A Message from our Nurse
Dear 6th Grade Parents,
The Iowa Department of Public Health and the Iowa Immunization Law require that all students entering 7th grade have both a Meningococcal vaccine and a Tdap (Tetunus, Diphtheria, and Pertussis/whooping cough) booster before school starts this fall.
The Tdap requirement has been put in place since the 2013/14 school year and requires the booster dose of Tetunus, Diphtheria and acellular Pertussis containing vaccine for students entering 7th grade, regardless of the interval since the last Tetunus/Diphtheria containing vaccine. Pertussis (whooping cough) is a very contagious disease that causes violent coughing fits that make it hard to breathe.
Meningococcal disease is a life threatening illness that is caused by bacteria that infects the brain, blood and spinal cord. It easily spreads in crowded settings. The vaccine will be required prior to both the 7th and 12th grades.
All students entering 7th grade must have proof of having both the Meningococcal and the Tdap vaccines before school starts in August unless the student has a Certificate of Immunization Exemption.
You may get these shots at your doctor or possibly at the Siouxland District Health Department. Their phone number is 712-279-6119.
There will be NO grace/extension period for the implementation of this requirement. 6th grade complete this requirement now and turn record into school.
Frostbite—A Winter Weather Hazard
Frostbite is a condition in which skin or part of the body becomes partially frozen due to exposure to cold. Body parts most likely to be frostbitten are the fingers, toes, ears, nose and cheeks. In the beginning stages of frostbite, the skin will become very red and then pale.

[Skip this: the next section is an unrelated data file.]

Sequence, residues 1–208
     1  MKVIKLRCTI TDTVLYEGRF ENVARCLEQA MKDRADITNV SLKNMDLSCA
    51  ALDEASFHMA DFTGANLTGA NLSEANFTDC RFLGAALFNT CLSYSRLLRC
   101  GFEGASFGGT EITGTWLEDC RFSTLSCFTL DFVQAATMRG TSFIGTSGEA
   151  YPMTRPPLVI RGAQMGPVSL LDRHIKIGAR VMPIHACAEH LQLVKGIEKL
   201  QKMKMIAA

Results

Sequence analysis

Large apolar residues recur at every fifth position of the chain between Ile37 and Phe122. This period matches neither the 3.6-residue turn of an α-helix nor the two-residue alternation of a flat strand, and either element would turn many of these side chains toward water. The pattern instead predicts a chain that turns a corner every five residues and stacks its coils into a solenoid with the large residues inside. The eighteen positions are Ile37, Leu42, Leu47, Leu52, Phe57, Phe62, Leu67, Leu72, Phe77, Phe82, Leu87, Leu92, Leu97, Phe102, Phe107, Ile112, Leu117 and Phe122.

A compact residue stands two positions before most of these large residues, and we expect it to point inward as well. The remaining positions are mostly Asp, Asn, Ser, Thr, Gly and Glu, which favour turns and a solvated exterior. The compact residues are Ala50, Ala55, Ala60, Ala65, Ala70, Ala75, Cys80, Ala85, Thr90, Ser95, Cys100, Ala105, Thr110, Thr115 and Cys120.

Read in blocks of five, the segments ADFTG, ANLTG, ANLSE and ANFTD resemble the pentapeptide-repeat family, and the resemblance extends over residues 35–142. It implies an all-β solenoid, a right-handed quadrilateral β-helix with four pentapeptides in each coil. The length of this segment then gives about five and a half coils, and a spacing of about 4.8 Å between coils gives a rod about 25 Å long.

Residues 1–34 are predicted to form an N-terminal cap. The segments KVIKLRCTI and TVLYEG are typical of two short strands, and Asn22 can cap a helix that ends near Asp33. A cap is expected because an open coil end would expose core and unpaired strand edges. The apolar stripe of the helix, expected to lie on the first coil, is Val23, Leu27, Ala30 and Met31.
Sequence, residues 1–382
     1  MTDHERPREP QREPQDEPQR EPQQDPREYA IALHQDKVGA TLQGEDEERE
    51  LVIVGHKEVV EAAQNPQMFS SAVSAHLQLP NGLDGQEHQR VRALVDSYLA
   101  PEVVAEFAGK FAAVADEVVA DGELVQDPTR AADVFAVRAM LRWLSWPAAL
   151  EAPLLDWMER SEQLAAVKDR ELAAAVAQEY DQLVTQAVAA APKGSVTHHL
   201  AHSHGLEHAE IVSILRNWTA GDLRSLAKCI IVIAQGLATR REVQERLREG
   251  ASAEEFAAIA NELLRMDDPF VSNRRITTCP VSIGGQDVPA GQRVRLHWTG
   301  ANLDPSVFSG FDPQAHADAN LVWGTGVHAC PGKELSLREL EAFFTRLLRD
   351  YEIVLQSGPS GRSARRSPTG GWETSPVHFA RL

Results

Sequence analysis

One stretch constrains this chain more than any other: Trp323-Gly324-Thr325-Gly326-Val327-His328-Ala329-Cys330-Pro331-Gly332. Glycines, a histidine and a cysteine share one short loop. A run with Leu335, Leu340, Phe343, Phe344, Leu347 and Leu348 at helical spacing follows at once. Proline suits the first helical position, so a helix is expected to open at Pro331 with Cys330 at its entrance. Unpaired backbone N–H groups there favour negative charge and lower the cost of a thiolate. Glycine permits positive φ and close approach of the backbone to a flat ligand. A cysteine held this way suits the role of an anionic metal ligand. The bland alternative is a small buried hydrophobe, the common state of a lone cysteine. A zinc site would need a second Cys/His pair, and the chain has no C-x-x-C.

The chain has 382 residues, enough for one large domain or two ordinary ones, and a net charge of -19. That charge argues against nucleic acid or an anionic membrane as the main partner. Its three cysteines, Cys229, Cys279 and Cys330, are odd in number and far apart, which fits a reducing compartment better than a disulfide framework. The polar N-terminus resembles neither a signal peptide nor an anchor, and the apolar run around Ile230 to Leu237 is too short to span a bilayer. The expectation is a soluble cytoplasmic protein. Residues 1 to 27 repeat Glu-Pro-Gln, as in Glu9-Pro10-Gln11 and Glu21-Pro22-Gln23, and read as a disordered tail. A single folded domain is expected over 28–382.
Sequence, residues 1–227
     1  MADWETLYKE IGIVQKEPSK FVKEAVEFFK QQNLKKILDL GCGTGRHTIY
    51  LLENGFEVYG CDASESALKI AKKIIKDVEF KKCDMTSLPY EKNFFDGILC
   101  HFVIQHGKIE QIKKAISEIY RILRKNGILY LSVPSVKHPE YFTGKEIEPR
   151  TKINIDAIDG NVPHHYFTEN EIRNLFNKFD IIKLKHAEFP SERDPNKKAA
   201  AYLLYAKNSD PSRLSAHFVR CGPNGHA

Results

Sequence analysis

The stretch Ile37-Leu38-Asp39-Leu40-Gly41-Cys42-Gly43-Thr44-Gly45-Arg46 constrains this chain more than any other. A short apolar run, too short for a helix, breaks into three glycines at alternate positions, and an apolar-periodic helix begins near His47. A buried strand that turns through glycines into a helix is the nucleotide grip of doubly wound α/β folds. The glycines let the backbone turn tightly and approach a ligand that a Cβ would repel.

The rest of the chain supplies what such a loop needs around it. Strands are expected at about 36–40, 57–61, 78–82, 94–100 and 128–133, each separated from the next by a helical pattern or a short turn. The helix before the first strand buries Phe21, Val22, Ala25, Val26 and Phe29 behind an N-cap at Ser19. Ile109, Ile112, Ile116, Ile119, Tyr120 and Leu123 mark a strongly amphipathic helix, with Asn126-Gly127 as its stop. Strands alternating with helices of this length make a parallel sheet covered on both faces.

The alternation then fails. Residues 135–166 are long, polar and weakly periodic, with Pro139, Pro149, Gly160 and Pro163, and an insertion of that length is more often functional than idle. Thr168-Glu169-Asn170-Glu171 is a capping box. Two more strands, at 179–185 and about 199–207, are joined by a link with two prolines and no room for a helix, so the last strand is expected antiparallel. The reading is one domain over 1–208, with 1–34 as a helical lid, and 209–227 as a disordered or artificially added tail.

- Do bring the child indoors.
- Do warm the area in a pan of lukewarm water.
- If hands or feet are affected, elevate them above the heart level.
- Keep exposed areas dry to help prevent more frostbite.
- Do not rub or massage the area.
- Do not warm with a heating pad.
- Do not break blisters that have formed.
CALL YOUR DOCTOR IF:
- The skin blisters.
- The area feels numb after 15 minutes of warming.
- The skin is cold, white, hard and waxy feeling. This usually means the frostbite is severe.
- Protect children from cold, wind and moisture.
- Dress them in proper clothing:
- Dress your child in several layers of light, loose clothing rather than one heavy garment.
- Protect the child’s head and neck with a hat and scarf and his/her face with a mask.
- For outdoor play, boots high enough to cover the ankles, two pairs of socks and mittens or gloves should be worn.
- Try to make arrangements for your child’s transportation to and from school, instead of walking, on extremely cold days.